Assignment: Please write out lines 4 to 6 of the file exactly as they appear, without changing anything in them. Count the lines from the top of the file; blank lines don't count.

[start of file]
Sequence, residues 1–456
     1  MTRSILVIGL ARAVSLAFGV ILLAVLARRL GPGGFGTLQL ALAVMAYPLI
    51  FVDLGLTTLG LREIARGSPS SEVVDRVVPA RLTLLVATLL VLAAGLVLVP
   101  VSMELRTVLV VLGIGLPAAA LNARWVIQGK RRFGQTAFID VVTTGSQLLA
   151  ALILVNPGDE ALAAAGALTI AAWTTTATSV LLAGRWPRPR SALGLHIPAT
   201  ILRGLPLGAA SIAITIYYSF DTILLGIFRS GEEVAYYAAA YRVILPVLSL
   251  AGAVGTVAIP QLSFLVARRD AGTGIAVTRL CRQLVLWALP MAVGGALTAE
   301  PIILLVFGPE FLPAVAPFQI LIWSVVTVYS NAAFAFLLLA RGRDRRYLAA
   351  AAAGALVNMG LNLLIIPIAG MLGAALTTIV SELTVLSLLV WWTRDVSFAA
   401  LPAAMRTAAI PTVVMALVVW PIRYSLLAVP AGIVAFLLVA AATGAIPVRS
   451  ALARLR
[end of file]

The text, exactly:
   101  VSMELRTVLV VLGIGLPAAA LNARWVIQGK RRFGQTAFID VVTTGSQLLA
   151  ALILVNPGDE ALAAAGALTI AAWTTTATSV LLAGRWPRPR SALGLHIPAT
   201  ILRGLPLGAA SIAITIYYSF DTILLGIFRS GEEVAYYAAA YRVILPVLSL